McKinnon's lawyer, David Pannick QC, told the Lords hearing yesterday that prosecutors had said that he faced eight-to-ten years in jail if he contested the charges, but a sentence of only 37-to-46 months if he co-operated.
He also said that McKinnon was threatened with terrorism charges that carry potential 60-year jail terms.
Lawyers for the Home Office, arguing for extradition, said that no threats were issued by US authorities, and that the extradition should be allowed to go ahead.
The Law Lords can block the extradition if they find that there has been an abuse of process. A ruling is not expected for a further three weeks.
McKinnon hacked into computer networks belonging to US military headquarters The Pentagon, NASA and other government systems in 2001 and 2002. He did so from a dial-up connection at his girlfriend's aunt's house and was caught.
McKinnon told OUT-LAW Radio in 2006 that he was prepared to face trial in the UK and that he has never contested that he broke into the computer networks. He said that he objects to extradition to the US since he carried out his actions in the UK.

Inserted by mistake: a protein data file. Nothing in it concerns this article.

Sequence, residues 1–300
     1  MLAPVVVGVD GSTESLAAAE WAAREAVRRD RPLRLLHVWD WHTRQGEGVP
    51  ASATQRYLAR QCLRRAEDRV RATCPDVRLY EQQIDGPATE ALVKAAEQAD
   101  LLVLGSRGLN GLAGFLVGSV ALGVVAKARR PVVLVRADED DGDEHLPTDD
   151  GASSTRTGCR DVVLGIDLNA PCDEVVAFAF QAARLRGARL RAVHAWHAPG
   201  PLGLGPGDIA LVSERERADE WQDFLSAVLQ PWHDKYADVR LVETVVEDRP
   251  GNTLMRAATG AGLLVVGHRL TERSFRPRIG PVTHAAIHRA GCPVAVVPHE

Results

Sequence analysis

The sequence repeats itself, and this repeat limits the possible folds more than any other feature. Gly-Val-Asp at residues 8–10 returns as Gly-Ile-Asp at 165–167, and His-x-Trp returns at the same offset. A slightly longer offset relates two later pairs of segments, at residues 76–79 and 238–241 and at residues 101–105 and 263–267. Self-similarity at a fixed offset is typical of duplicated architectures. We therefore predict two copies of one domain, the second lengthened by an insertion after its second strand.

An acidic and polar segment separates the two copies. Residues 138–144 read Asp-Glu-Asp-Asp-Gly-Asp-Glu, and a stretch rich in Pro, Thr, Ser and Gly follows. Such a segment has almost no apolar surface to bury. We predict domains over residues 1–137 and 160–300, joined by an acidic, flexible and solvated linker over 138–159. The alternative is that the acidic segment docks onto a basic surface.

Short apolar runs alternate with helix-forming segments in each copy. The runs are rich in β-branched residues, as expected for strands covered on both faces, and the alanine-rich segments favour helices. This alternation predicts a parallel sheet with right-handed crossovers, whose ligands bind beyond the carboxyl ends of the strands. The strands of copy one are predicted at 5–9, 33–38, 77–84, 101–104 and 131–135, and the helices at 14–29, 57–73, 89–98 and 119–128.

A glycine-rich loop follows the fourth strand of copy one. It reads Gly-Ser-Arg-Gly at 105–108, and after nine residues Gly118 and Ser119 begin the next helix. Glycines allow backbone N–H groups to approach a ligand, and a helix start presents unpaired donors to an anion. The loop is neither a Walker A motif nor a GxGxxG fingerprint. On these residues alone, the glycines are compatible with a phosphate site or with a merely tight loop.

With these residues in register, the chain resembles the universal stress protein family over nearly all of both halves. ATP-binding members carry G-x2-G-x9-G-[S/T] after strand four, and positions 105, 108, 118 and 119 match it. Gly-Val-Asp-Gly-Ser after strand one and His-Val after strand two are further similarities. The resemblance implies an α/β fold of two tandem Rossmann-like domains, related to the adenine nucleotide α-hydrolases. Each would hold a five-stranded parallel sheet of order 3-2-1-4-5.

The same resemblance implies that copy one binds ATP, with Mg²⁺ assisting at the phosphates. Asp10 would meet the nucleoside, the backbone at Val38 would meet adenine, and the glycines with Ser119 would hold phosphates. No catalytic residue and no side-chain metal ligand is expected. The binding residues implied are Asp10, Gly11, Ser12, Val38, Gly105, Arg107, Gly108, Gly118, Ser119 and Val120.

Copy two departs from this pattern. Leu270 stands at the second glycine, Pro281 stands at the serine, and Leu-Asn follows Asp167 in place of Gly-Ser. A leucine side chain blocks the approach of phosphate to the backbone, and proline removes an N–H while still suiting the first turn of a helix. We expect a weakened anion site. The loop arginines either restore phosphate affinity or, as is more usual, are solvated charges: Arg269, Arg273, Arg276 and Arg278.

McKinnon claims to have been told when he was caught UK that he faced community service, but when US prosecutors got involved they told him he could go to jail for 70 years.
He claims he was offered the chance to co-operate in the investigation, which would mean he could not only receive a shorter sentence but serve the latter half of it in the UK and be eligible for more lenient UK parole terms.
Pannick told five Law Lords that such threats and bargaining was an abuse of the extradition process.
McKinnon's solicitor Karen Todner told The Register that if the Lords refused to overturn the High Court's extradition order she and McKinnon would take the case to the European Court of Human Rights.
The Lords hearing is restricted just to the behaviour of the US authorities and what effect that has on McKinnon's rights.